It started with a question I asked Apple CEO Tim Cook during his presentation Tuesday at the D11 conference in Rancho Palos Verdes, Calif. Noting that Microsoft and Google offered cloud solutions that provided access to a wide variety of platforms, I asked Cook whether it was time for Apple to broaden its iCloud service to facilitate sharing for customers who are likely to own both Apple and non-Apple gear.
Cook didn’t bite. But Donald Leka, CEO of TransMedia, whose Glide service has provided cloud-based file sharing for a wide variety of devices since before anyone talked about the cloud, jumped in. In a press release announcing the release of a new Glide iPhone app that provides access to Dropbox, Microsoft SkyDrive, and Google Drive accounts, Glide said:
“Consumers really don’t care that much what platform they are on, where their files are stored, or what the file types and file formats are,” said TransMedia Chairman and CEO, Donald Leka. “They simply want to be able to easily access and share a family photo, a letter to a friend, a favorite song or show.”
This drew an email response from a representative from Apple Worldwide Developer Relations (shared with me by Leka):
…We believe the best press releases for a product launch concentrate on that product. Your release is ostensibly for the launch of your iPhone app, but the copy actually references other apps on other platforms more often than it mentions the one being launched. We think the customers, bloggers, and media who follow app launches are usually quite parochial — quite focused on specific platforms — so we counsel developers to craft press releases tailored to each individual platform.
And that brings me to my final point: the tone of your release and your product positioning is at odds with not just our primary marketing messaging, but the entire reason Apple exists. To wit, you are quoted in the press release as saying “Consumers really don’t care that much what platform they are on…” Our drive, our passion, our singular focus on creating the best products we can make is rooted in the fundamental belief that customers really do care about the products in which they invest their time, money, and energy. We strive to make the best products we can because we believe the right product will change a customer’s life. And customers do indeed care about things that change their lives.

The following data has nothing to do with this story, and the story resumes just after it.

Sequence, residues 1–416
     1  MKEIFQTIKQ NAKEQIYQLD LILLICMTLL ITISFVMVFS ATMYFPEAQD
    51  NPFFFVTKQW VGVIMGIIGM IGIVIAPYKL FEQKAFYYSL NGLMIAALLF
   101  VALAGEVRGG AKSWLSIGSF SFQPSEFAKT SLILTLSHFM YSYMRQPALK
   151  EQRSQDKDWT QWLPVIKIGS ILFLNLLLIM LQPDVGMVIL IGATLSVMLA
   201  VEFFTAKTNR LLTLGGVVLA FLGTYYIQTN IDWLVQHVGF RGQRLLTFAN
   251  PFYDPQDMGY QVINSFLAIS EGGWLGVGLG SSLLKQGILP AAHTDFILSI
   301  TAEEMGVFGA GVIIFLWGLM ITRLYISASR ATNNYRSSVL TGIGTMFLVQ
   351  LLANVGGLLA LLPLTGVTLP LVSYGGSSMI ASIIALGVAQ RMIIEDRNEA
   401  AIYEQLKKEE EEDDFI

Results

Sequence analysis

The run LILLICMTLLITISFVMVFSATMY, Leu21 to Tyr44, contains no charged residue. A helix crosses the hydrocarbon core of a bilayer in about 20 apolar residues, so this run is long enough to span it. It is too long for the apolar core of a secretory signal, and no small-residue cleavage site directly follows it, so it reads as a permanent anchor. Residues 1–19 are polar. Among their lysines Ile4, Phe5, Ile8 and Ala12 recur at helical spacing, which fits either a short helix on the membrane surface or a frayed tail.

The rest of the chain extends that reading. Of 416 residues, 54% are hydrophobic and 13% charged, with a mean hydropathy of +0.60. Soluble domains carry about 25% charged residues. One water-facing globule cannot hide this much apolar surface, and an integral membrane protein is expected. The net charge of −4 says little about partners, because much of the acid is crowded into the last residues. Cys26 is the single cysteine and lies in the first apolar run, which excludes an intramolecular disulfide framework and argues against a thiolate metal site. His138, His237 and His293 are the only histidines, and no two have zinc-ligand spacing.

Our experience is that customers are interested in apps that help them get more from their iPhone, that give their cherished, chosen device exciting new functionality that fits their mobile lifestyle. I’d encourage you to recast your messaging in this positive, affirmative way.
I suspect Apple’s customers are a lot less parochial than Apple is, or than Apple thinks they are. These days, it’s not unusual for someone to own an Android phone, an iPad, and a Windows laptop–and want to share information among all of them. I’m sure Apple prefers that they switch to an iPhone and a Mac, but that’s not the world we live in. By failing to accommodate their desires and instead to promote a closed, Apple-only ecosystem, Apple could be building big trouble for itself.